This is why we guide our partners to contact each community resource before we include it in the community resource stream. It takes some time, but it’s worth it to provide a good experience for families.

Yes, building your basic list can be work. But once it’s complete, you’ll feel great knowing that you’re getting the right resources into families’ hands. One of our favorite things is to see the click counts rise as families access the resources our partners are sharing each week.

2. Think About the Whole Caregiver

Most of the families our partners serve are in a state of need, and many are unfortunately even in a state of crisis. Of our US partners where we have income data, 75% of children we served in June 2020 qualified as low-income. However, this doesn’t mean that families only want resources to meet their basic needs or respond to crises.

We’ve learned from seeing the resource click data in our partners’ dashboards that caregivers also want:

  1. Activities to support and engage with their children
  2. Self-care resources

Some of the most-clicked community resources are those that further parenting power. So work in a few resources that inspire and empower your families to feel great about themselves and their parenting.

“The Ready4K Community Support Stream is so important to our program. It provides a way for families to have access to supports they may have not known about before and have a way to reach out easier for help.”

– Aubrey Cooper, Education Coordinator at Kawerak Head Start

3. Messaging Matters

Finding the right resource to send is only step one. The message around the community resource is a critical part of giving access to the resource. Think about the difference between these two messages:

Version 1

Version 2

Contextualizing the resources does several important things:

It helps families self-identify

Is this resource right for me? The language you provide around the message will help the family to determine which of their needs this resource would meet. When families receive messages that refer to specific agencies they know or locations they’re familiar with, it feels like this resource is intended for them. Specifically for them. Which will increase their likelihood to use that resource.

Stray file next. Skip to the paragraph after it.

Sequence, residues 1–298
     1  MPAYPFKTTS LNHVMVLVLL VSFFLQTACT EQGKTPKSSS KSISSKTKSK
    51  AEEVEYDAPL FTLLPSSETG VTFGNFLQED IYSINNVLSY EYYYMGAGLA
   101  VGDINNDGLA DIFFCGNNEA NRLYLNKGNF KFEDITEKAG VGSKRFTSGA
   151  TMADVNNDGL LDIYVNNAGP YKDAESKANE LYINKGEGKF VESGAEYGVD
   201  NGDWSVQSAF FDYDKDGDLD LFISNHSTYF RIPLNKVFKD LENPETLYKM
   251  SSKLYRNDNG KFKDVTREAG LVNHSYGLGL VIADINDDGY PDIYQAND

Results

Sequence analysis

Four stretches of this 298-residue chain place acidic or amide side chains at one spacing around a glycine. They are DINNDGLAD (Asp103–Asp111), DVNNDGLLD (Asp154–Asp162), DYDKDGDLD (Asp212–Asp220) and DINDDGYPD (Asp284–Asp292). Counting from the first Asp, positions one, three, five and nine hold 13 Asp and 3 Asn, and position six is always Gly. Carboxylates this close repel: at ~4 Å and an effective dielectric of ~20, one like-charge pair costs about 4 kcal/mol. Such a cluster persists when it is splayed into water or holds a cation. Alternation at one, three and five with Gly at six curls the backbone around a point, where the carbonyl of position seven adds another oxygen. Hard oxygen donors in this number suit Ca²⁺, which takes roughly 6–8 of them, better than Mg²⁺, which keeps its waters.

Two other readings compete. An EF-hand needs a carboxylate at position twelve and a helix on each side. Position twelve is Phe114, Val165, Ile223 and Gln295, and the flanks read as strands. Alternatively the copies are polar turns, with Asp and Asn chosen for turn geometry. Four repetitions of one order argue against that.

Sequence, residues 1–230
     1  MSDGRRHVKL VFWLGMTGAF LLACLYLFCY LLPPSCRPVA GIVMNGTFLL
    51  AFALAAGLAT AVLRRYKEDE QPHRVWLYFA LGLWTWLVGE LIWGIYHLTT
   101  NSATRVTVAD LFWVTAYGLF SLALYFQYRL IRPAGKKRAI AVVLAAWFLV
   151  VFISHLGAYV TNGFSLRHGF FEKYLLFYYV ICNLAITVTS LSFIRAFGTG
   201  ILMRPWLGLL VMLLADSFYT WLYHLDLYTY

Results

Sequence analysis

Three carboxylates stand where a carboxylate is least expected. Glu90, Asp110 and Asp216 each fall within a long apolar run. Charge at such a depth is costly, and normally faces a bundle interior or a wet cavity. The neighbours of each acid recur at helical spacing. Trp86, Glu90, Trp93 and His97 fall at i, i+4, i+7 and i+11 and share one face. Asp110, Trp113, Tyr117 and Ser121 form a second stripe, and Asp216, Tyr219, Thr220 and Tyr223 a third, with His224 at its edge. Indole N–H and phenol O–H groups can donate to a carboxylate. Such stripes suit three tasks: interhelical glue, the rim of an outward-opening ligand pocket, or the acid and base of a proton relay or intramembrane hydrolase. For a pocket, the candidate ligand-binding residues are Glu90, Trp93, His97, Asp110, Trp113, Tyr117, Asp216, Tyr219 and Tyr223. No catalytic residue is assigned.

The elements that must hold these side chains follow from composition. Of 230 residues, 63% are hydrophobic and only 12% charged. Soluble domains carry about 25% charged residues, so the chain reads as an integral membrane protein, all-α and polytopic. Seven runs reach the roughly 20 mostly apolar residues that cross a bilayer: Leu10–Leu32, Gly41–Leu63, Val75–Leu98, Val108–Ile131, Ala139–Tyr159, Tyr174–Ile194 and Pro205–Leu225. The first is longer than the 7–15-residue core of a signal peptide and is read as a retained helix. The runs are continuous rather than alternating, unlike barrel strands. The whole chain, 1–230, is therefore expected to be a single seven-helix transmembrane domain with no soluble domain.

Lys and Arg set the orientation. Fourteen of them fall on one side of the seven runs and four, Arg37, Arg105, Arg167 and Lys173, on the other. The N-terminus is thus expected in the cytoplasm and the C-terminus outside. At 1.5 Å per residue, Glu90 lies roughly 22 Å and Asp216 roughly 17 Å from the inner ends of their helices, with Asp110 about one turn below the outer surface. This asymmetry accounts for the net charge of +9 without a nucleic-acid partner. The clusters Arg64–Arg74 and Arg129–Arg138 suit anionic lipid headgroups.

It gives a succinct explanation of the value of accessing this resource

A quick explanation of why you see this community resource as important enough to share can transform the message from “why am I getting this?” to one that sparks curiosity to know more.

It normalizes the need

Many people have complex feelings about accessing resources, from fear of stigma to a sense that others need it more than they do. Assuring the parent that they’re not alone if they want to learn more can nudge them to use these critical resources.

Finally, giving families context also helps them avoid wasting precious time calling or clicking on something that doesn’t apply to them. Which brings us to our last insight…

4. Make It Easy

Timely and succinct is best

An important lesson we’ve learned is that it’s critical for partners to reflect on what their community needs most right now. Building a laundry list of every possible resource drains your team and is almost impossible for families to make use of.

If you have a great resource that families will love later in the year, save it until then. Not quite COVID-safe? Stash it in your list of things families will definitely want to hear about after the pandemic is over.

Keep your message short

We know that families are busy and stressed. And we’re all experiencing the information overload that comes with living in the 21st century! Which means that if there are too many words nobody’s going to read it. 

Of course, if you know Ready4K, you know what we’re going to say next: text it! We strongly encourage you to reach families by text because:

  • Text is the most universally used technology (98% of US adults under 50 use text)
  • It keeps your message short-and-sweet
  • Text is 400% more likely to be read than an email

Equity Grant now available

Looking for help connecting your families to critical resources? Thanks to philanthropic support, we are currently accepting applications for up to 100% off your first year of Ready4K Trauma-Informed. Organizations serving a high percentage of economically disadvantaged families are encouraged to apply.

Check out the grant to learn more.